All preachers are underpaid. By that, I mean I have never known a preacher who was being paid what he thought he was worth. (Could use a raise myself). And while churches need to be educated regarding changes in the cost of living and expenses that are peculiar to preachers, our remarks are here addressed to the preacher himself.

Why did you begin preaching? To make money? A fellow preacher trying to "sell" me on selling a well known brand of household products began his conversation by saying, "Dick, I've found that you just can't make any money preaching." From then on all I could see were the $$ in his eyes. I was well aware of his introductory statement, but my short tenure in the preaching profession has taught me that a man is not prepared to be a gospel preacher unless he is ready and willing to make some sacrifices — and often some big ones, I Tim. 1:8; 4:5. I am acquainted with preachers who have innocently entered the selling profession (mutual funds, shoes, household products, etc.) with good intentions but later slacked off in their preaching. I heard of one who stated that he wanted to get to the point where he could "preach when he wanted to and not preach when he didn't want to." Another told me he was so busy that he hated to see company pull in the driveway (which is why I've never been to his home though we are not far apart). Believe me, this is a touchy subject. But the things I am saying are not intended to be derogatory toward some product (members of my family are involved). So please don't misunderstand. What I have to say may be minimized by both preachers and churches. But, nevertheless, it is time we sat up and took notice of a very dangerous trend.

This writer is fully aware of the scripturalness of a secular job (Paul's tent-making, Acts 18:3). But I have never gotten the impression that Paul's desire was to keep up with the neighbors (or members) nor that he had rather be making tents than preaching. Obviously, if one is involved in selling and pushing he will have less time for his duties as a preacher.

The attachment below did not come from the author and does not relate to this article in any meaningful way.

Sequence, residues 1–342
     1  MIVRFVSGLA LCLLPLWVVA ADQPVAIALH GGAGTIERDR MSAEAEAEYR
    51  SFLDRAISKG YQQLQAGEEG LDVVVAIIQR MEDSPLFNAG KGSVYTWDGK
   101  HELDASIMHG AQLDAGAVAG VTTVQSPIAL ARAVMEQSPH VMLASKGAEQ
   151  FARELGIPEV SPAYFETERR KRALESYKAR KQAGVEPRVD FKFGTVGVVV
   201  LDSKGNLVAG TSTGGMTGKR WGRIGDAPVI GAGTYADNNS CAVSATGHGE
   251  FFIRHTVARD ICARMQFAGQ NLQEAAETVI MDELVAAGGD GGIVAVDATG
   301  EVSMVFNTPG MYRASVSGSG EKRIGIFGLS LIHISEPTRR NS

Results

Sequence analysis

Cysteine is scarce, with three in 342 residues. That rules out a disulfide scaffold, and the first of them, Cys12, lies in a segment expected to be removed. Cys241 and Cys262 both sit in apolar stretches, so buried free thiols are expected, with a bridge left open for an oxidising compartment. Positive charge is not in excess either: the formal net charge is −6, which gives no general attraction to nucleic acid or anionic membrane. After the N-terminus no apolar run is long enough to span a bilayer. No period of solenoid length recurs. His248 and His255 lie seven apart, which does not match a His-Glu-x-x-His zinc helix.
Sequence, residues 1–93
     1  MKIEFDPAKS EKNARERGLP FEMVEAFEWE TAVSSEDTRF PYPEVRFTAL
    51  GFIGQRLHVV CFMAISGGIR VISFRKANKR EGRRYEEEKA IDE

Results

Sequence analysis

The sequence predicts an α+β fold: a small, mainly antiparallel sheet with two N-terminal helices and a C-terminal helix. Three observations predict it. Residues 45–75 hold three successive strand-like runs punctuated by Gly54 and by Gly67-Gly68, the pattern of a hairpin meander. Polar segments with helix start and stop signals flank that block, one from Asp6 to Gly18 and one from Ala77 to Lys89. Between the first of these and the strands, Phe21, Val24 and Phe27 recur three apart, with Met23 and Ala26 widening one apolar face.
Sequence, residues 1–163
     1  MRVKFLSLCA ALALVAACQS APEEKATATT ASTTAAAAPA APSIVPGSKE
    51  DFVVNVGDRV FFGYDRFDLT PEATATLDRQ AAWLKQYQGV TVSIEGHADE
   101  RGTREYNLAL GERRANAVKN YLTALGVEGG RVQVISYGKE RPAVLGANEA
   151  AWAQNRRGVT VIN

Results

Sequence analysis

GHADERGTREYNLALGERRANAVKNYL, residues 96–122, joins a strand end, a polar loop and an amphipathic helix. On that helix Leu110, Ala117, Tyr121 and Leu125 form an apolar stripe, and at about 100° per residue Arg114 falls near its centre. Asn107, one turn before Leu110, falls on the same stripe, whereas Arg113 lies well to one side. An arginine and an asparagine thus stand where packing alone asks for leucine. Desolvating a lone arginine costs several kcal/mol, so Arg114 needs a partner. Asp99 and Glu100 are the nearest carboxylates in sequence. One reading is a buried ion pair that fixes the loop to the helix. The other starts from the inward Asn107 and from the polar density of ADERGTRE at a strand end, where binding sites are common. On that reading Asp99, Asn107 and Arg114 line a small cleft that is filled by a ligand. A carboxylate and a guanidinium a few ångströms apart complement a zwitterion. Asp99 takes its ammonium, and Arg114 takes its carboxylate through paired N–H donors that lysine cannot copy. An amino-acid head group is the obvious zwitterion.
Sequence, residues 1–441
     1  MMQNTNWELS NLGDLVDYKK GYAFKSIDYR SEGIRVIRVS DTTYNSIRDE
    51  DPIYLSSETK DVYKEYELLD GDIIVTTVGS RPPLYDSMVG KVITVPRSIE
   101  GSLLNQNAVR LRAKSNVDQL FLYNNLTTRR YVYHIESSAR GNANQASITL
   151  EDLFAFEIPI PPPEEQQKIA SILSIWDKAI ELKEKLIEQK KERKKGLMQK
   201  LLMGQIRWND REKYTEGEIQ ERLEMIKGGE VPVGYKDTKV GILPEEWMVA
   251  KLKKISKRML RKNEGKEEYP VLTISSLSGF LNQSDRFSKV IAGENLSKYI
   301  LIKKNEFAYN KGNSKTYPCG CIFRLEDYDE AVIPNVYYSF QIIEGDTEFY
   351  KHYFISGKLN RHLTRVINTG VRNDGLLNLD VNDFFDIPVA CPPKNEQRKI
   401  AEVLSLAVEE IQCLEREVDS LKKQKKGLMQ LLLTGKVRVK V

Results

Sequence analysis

Perhaps a warning should be issued regarding brethren who "with feigned words would make merchandise of you" with religious products. Though I have not meant to leave the impression that all selling brethren are guilty, neither do I wish to leave the impression that all are innocent. There are more religious gimmicks on the market than a thousand centipedes have legs — all the way from "quickie" conversion kits to How To Read The Greek New Testament by Guy Woods (paperback, big print, 106 pages, $6.00 — ridiculous). ($ome have also "made merchandi$e" via gape' meeting$). Beware of temptation.

One other thing to which brethren involved in selling should give more thought — and that is toward those whom they are persuading to enter the business. If some of these products have the great potential that is often stated, there are many whom I would not want to see involved because of their weaknesses toward possessions. It could lead to their downfall — myself not excluded. I am ashamed but honest to admit that one of the great temptations that faces me every April 14 is to cheat on my income tax. I have not succumbed nor do I intend to, but if I had an extra income it seems the temptation would be greater. The Bible character, Barnabas, has impressed me much. Instead of using his field to make extra money, he untangled himself from the affairs of this life and sold it, placing the money at the apostles' feet, Acts 4:36, 37.


This topic is by no means exhausted. But it is earnestly hoped that we will regain and retain our senses in the midst of a world gone mad for possessions, pleasure, and prestige. The covetous will be lost, Col. 3:5-7. "Am I become your enemy because I tell you the truth?" Gal. 4:16. "Hearken my beloved brethren; did not God choose them that are poor as to the world to be rich in faith, and heirs of the kingdom which he promised to them that love him?" Js. 2:5. If you are rich in this world's goods or if you are "minded to be rich," consider yourself charged. (I Tim. 6:9, 17).

— P. O. Box 147, Trumann, Ark. 72472